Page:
Euro inheritance to UK Account

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I'm in need of advice for an inheritance cheque I received from Ireland (republic) The amount is in Euro and I have put the cheque into a Euro account with my bank (barclays) here in the UK. I'm wondering what's the best thing for me to do to get the best out of the money.

I have considered buying Dollars, opening ISA's, or moving it to my savings account but I'm confused by most of the jargon that goes with all of the options.

Can anyone advice me on what might be the best option. Thank you.

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  • Rich2808
    Rich2808 Posts: 1,332 Forumite
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    I got an Irish inheritance and opened a current account with AIB in Dublin. If you pay a euro cheque into a UK sterling account you will be hit by a currency weighting. A bit of a hassle on opening but you can then do online transfers as and when using cheaper providers. Not sure how easy it us to open euro accounts in the UK? Depends on how big the sum is?

    Given it's been subject to Irish inheritance - CAT - tax rules you cannot be taxed again by the UK authorities as there is a reciprocal arrangement. Did you have to pay Irish CAT (capital acquisitions tax) - it's brutal if you don't inherit from a parent. You only get 30k euro tax free for an inheritance from a relative and 15k euro from a non relative and then pay 33 per cent on the balance. And those limits are for life - so if you get another inheritance in the same group it's 33 per cent on the whole sum including houses which in some parts of rural Ireland are still unsellable.

    And people moan about IHT here.
  • digitalfingers
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    Thanks Rich. I have put the cheque into a Euro acct here in UK. The money I received is from the sale of my late fathers Property in Dublin (which sold for a pittance in comparison to the value it was worth at the time of my fathers passing) and was divided between 6 people, each receiving a nice amount to be fair. I owe a huge thank you to my Dad!! So if I put the money into my sterling acct, I'm going to see a rather large chunk of it disappear because of the the exchange rate. That's why I posted the initial question.

    Don't you need an Irish address for an Irish bank acct?
  • grey_gym_sock
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    So if I put the money into my sterling acct, I'm going to see a rather large chunk of it disappear because of the the exchange rate.

    do you mean that barclays charge a lot for currency conversions, so you will lose out compared to the current proper exchange rate? or that the euro is low relative to the pound now, so it's a bad time to make the exchange? because those are 2 very different issues.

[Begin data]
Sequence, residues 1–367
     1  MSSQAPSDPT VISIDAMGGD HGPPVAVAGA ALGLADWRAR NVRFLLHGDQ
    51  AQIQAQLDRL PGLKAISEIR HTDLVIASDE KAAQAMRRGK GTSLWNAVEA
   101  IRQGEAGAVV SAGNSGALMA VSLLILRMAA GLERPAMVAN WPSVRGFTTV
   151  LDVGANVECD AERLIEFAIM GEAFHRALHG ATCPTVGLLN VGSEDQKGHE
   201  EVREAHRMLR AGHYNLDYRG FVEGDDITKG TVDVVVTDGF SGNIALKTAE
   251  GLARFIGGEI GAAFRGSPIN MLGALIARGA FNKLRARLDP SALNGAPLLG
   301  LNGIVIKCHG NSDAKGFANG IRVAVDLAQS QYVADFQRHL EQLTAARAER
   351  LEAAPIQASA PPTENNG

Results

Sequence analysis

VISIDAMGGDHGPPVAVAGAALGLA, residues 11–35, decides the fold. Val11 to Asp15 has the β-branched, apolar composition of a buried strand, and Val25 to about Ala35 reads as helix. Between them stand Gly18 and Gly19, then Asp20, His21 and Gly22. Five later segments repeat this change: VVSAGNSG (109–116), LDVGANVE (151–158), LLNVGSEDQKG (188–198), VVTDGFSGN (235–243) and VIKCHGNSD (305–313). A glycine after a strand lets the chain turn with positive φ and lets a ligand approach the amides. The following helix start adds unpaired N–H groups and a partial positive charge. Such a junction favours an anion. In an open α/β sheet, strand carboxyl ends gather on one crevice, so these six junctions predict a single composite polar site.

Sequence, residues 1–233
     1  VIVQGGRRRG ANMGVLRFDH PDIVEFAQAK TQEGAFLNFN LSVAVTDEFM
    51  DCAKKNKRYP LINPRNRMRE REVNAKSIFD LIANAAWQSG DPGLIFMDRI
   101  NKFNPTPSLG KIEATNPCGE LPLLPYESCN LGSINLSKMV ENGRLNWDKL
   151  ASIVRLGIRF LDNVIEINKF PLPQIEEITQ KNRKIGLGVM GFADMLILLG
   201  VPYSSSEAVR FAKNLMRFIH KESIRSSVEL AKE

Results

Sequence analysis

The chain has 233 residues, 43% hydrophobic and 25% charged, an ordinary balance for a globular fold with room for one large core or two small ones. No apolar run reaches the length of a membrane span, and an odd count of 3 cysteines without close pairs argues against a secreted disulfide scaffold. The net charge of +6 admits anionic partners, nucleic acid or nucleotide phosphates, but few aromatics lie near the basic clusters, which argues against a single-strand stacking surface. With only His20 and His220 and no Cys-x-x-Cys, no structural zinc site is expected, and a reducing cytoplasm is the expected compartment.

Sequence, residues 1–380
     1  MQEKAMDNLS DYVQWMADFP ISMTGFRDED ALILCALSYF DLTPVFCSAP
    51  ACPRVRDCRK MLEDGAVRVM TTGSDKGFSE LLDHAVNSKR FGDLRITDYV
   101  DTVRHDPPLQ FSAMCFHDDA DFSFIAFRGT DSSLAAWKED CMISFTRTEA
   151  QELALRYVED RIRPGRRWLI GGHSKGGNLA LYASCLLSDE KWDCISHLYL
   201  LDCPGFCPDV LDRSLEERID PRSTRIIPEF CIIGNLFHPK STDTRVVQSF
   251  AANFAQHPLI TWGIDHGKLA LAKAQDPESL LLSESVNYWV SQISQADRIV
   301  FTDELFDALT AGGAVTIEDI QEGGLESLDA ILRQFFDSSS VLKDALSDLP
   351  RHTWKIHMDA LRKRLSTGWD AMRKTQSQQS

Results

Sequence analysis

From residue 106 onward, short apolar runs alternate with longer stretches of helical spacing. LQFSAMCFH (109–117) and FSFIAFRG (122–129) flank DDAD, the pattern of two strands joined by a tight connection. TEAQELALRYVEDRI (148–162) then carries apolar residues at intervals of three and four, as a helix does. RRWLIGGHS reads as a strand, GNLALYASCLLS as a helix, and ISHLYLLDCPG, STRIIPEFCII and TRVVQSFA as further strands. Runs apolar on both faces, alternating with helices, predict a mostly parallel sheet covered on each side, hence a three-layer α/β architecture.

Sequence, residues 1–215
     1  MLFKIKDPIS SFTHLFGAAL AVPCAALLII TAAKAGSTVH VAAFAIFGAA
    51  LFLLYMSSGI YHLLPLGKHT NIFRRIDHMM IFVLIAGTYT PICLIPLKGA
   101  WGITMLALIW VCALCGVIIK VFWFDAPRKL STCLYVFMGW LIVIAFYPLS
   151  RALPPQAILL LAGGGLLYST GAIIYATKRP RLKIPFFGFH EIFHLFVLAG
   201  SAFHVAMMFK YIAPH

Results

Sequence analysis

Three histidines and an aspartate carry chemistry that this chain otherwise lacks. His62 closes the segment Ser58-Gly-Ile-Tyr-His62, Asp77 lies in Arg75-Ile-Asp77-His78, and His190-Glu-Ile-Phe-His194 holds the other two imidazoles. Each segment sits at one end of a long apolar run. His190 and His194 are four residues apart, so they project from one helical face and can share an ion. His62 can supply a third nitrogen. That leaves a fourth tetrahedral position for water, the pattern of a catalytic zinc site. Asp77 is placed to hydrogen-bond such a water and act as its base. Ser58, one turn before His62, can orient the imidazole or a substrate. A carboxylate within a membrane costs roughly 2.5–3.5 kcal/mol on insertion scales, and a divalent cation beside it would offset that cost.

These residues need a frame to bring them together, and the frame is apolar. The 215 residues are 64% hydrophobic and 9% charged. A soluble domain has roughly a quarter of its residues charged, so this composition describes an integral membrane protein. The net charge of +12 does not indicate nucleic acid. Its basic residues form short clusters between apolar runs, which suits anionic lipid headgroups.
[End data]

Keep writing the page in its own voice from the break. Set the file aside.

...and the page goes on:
the answer to the first issue is to use some kind of currency specialist to make the exchange, instead of barclays. i dunno who, but i'm sure other posters can advise on that.

    the answer to the second issue is that really nobody knows whether the euro will rise or fall against the pound from here. it's lower than it used to be; but it doesn't follow that it will bounce back; it might fall further. so unless you have a need for euros (e.g. you plan to buy a property in a eurozone country), i'd be inclined to bite the bullet and convert the money into pounds now.
  • Rich2808
    Rich2808 Posts: 1,332 Forumite
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    edited 5 December 2015 at 5:30PM
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    Thanks Rich. I have put the cheque into a Euro acct here in UK. The money I received is from the sale of my late fathers Property in Dublin (which sold for a pittance in comparison to the value it was worth at the time of my fathers passing) and was divided between 6 people, each receiving a nice amount to be fair. I owe a huge thank you to my Dad!! So if I put the money into my sterling acct, I'm going to see a rather large chunk of it disappear because of the the exchange rate. That's why I posted the initial question.

    Don't you need an Irish address for an Irish bank acct?

    Yes you can open an account with a non resident address. But you need to open in branch and provide proof of ID and UK address - they will also want to know why you want the account. Here is a link to AIBs current account webpage but BOI, Ulster are also options - you could ask their UK arms for advice etc

    You will need to book an appt in advance. I opened my account with the AIB on O Connell street in Dublin - just depends what's easiest.

    If that's not practical you may just have to take the hit unless you can open a UK euro account.

    http://personal.aib.ie/our-products/current-accounts/personal-current-account

    And you can manage drawing down the funds when the exchange rates improve.
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